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Norway approves pre-natal blood tests to detect Down syndrome

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Norway approves pre-natal blood tests to detect Down syndrome
Photo: Luca Kleve-Ruud/ Scanpix, Samfoto
16:02 CET+01:00
Norway on Wednesday approved the use of blood tests to detect Down syndrome in unborn babies. Critics have slammed the decision, saying the tests could lead to more women choosing to abort.

The decision, in line with a previous recommendation from the country's health directorate, was announced by Norway's health minister Bent Høie, who said the aim was to reduce the number of Norwegian women having miscarriages.

Access to Non-invasive Prenatal Testing (NIPT) will primarily be reserved for women at greater risk of carrying babies with a serious hereditary disease or other severe conditions.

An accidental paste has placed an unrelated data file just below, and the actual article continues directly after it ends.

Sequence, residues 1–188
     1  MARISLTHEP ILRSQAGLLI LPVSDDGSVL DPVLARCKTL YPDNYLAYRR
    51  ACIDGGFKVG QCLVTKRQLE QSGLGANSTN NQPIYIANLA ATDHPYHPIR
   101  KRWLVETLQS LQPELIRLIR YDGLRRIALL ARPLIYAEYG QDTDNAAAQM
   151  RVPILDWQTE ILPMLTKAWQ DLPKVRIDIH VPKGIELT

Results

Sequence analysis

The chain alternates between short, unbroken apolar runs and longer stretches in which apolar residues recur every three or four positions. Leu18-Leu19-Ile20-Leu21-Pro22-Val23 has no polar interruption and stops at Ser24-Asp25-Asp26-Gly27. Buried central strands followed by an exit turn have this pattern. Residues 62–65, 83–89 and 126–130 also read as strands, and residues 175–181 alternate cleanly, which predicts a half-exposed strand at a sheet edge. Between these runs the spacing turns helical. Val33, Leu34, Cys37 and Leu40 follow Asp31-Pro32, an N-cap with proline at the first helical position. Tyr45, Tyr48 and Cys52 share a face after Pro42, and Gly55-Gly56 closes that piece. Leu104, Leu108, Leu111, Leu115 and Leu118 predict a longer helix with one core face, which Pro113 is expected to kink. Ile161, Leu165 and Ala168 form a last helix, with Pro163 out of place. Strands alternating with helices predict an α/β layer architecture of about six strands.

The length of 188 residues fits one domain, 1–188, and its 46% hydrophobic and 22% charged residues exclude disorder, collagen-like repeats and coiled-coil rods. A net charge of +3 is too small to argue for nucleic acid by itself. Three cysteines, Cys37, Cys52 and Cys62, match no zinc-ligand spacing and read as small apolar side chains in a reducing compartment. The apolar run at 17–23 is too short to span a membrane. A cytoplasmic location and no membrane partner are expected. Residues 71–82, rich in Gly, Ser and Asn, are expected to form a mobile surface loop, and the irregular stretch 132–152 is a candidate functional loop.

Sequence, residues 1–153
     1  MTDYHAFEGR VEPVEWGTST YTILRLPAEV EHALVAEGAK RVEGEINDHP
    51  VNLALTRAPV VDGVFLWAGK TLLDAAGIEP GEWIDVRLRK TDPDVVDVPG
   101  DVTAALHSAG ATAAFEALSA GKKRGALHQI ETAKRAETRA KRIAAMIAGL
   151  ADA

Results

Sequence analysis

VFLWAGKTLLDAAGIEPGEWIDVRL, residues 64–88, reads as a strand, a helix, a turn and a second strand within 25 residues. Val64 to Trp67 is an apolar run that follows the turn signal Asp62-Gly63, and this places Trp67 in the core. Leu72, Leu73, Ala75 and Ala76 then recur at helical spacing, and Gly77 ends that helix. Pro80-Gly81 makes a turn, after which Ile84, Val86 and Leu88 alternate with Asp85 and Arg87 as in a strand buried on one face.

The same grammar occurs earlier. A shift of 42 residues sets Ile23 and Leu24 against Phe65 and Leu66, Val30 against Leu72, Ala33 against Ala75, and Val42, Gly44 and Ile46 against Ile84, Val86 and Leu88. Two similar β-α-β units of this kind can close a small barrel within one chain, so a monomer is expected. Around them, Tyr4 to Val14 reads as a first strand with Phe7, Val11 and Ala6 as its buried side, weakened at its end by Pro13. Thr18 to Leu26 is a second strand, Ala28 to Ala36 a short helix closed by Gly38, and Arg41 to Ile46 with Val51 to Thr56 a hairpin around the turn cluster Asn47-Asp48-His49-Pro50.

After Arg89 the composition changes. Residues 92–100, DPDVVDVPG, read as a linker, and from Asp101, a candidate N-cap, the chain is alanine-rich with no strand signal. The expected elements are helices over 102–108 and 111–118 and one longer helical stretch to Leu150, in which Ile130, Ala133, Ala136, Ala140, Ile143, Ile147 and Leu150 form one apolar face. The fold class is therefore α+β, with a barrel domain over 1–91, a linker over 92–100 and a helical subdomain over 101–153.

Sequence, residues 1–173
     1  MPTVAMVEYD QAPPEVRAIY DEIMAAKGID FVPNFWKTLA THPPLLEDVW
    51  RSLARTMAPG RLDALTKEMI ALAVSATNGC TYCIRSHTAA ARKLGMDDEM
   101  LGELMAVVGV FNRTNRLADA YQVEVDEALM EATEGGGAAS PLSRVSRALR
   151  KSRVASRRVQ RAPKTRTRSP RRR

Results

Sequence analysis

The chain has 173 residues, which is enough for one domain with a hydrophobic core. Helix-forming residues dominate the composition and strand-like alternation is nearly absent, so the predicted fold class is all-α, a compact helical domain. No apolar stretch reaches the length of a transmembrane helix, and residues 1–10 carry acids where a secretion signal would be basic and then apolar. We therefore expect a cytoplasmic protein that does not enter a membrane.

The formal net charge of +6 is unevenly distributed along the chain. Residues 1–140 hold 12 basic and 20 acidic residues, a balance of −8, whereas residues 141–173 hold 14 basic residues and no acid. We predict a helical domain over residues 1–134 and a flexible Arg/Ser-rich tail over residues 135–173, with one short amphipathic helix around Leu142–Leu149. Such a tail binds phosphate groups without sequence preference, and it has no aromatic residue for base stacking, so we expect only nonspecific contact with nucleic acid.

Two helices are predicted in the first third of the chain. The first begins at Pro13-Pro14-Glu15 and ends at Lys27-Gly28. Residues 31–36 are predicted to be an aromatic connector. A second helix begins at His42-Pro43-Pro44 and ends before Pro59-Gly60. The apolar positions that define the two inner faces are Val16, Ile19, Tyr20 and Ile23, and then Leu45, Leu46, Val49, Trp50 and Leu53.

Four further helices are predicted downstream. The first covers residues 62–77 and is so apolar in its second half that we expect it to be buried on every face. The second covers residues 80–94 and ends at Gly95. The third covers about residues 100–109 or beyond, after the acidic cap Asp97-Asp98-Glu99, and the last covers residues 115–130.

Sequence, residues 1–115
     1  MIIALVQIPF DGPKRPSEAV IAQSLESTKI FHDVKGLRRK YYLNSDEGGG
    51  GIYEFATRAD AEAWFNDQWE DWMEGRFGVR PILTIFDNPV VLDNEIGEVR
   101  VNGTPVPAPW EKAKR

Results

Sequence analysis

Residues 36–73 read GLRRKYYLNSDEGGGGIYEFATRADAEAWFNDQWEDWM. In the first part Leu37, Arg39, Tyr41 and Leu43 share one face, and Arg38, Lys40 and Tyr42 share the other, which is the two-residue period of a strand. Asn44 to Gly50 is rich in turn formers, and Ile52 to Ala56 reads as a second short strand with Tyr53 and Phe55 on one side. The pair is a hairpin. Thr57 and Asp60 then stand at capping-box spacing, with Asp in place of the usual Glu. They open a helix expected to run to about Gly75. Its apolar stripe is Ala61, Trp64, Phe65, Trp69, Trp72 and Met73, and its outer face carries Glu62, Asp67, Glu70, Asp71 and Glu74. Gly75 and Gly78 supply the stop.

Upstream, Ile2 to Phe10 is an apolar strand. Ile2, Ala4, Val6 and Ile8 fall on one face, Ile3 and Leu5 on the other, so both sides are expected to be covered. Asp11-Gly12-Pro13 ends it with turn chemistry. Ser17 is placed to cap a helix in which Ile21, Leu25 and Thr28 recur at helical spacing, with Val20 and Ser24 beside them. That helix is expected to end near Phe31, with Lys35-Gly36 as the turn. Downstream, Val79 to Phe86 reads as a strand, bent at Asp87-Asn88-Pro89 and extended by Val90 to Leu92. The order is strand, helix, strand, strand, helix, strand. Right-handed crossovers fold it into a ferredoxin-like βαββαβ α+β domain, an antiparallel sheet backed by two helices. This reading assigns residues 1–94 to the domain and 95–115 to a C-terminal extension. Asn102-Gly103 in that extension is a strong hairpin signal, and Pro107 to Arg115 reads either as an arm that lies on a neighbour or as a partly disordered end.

But not everyone was happy with the decision.

Olaug V. Bollestad, an MP for the Christian Democratic Party (CDP), said the blood tests could lead to more fetal deaths as well as a colder society as a whole since it conveys a message that only perfectly developed children are accepted or welcome.

“CDP does not support this decision. We're against the intensified hunting down of children with Down syndrome,” she said.

“It's sad that we don't seem to have a place for those who are different,” she said, adding:

“Many women will now have an even tougher decision to make.” 

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